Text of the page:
Although Nassau County is one of America’s wealthiest communities, there are huge gaps in the quality of life for its black residents, a panel of local experts and officials said Saturday afternoon.
Speaking at a Black History Month event organized by Legis. Carrié Solages (D-Elmont), leaders in public health, law enforcement, business, and government said blacks are struggling to get the same high-quality housing, schools and jobs as their white neighbors.
Housing is one of the biggest issues, Solages said — from landlords who discriminate against Section 8 applicants to the definition of affordable housing on Long Island.
“Some might say $2,500 a month is affordable,” he said to a crowd of about 50 inside Elmont Memorial Library. “Others would say that is not.”
Saturday’s two-hour panel was part of Solages’ four-day Lift As We Rise series of events focused on celebrating Black History Month.
Nassau County acting Police Commissioner Thomas Krumpter, one of the panelists, said while blacks make up about 12 percent of the county, they were only 5 percent of the police force.
“That’s probably the single biggest challenge we face,” Krumpter said.
Meanwhile, Nassau County Department of Health Commissioner Lawrence Eisenstein quoted a University of Wisconsin study that said the county ranked first in the state in several health factors.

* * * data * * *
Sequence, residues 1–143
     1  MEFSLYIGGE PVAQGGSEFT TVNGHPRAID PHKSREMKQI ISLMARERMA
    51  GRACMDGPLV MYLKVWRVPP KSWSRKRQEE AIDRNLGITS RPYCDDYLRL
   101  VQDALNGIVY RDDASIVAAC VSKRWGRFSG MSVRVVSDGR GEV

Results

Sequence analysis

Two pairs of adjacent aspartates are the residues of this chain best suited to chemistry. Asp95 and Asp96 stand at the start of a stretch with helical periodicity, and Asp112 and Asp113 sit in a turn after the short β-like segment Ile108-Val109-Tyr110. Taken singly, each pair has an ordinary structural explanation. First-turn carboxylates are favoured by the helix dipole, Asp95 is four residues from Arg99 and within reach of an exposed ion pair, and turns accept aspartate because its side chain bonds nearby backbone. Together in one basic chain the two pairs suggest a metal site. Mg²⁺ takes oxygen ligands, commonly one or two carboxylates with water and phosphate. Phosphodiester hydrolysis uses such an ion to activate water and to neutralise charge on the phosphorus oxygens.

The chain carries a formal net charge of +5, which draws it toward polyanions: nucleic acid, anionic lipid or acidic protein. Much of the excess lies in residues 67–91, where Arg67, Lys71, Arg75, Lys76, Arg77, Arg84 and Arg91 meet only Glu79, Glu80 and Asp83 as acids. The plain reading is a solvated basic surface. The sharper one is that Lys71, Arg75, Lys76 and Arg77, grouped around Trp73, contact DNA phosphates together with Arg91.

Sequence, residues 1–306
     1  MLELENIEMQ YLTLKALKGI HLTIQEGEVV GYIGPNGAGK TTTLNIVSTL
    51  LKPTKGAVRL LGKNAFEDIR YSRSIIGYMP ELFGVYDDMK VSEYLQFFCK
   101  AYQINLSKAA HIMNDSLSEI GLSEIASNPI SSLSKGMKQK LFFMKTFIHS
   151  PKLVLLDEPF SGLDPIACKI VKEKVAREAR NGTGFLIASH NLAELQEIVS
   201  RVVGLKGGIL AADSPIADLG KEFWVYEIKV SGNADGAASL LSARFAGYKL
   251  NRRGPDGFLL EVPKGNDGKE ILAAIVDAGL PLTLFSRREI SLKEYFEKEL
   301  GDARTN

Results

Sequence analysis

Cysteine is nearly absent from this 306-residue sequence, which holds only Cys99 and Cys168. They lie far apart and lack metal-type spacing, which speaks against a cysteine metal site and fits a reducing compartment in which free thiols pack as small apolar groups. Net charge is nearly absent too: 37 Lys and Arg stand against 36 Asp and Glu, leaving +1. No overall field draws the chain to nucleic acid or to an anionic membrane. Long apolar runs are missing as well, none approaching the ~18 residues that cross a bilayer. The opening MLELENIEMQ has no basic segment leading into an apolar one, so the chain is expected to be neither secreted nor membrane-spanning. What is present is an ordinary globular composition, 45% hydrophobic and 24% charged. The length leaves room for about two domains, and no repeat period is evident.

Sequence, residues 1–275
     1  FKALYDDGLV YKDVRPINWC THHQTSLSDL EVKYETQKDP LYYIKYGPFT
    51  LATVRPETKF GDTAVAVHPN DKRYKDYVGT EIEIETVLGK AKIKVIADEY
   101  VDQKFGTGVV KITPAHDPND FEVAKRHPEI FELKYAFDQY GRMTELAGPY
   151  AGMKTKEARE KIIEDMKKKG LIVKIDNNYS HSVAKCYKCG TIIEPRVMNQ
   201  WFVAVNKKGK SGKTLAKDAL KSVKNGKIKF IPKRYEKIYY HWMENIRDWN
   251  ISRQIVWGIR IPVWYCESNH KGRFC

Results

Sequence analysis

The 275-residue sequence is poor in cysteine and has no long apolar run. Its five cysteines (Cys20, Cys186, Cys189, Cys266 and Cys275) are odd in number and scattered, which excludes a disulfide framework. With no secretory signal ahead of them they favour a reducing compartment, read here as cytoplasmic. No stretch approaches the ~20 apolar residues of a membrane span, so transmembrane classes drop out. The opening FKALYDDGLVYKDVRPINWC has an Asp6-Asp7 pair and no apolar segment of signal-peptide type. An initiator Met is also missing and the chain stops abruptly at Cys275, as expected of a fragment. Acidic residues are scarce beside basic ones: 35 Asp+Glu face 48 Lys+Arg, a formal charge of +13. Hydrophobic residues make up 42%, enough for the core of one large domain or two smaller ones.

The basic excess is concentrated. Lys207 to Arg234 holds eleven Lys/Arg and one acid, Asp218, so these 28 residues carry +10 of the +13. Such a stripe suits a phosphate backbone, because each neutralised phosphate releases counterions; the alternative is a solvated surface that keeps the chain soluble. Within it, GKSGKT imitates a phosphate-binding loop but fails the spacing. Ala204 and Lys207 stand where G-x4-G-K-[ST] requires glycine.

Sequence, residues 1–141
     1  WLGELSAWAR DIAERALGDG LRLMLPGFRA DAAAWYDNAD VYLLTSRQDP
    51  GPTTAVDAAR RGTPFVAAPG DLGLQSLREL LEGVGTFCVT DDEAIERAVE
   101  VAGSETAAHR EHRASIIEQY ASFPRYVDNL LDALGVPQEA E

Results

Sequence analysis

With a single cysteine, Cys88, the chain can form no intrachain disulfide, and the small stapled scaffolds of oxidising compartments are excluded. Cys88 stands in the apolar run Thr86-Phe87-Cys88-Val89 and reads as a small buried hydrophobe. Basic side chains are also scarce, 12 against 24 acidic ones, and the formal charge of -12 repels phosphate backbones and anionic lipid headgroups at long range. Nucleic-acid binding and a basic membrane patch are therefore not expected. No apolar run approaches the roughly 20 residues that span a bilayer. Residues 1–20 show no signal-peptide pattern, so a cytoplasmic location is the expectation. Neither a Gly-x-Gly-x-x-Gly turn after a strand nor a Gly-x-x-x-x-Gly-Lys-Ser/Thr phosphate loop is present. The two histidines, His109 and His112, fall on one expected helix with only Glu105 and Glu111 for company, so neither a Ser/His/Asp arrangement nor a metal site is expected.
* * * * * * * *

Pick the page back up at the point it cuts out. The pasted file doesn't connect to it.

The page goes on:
“But that doesn’t mean that that quality of health is being applied to everyone equally in this county,” Eisenstein said.
Another panelist, Adelphi University professor Marsha Darling, said the disparity starts with Nassau being one of the most segregated areas in the nation.
She pointed to the Village of Hempstead, where blacks are 48 percent of the population and which has an annual median household income of $55,500 — and contrasted it with the neighboring Village of Garden City, which has a black population of 1.4 percent and an annual median household income of $153,500.
What makes the data more startling, the professor said, is that more blacks and Hispanics are moving to the county and, typically, a racially diverse neighborhood is supposed to be a huge economic asset.
“So how do you wrap your head around Nassau County getting more diverse and more segregated at the same time?” said Darling, who also is the director of the Center for African, Black and Caribbean Studies at Adelphi.
The same type of disparities can be seen in Prince George’s County, Maryland; Arlington County, Virginia; and the suburbs of St. Louis, Darling said.
During the panel, leaders also discussed ways to help shrink the disparity.
Danielle Donaphin of the Long Island African American Chamber of Commerce said blacks could start their own businesses and help them grow by landing government contracts and subcontracts.
Places like the U.S. Small Business Administration and Empire State Development coach entrepreneurs of color through the state’s Minority and Women-owned Business Enterprise certification, Donaphin said.
Watch News 12 Long Island tomorrow or go to News12.com for more on Black History Month.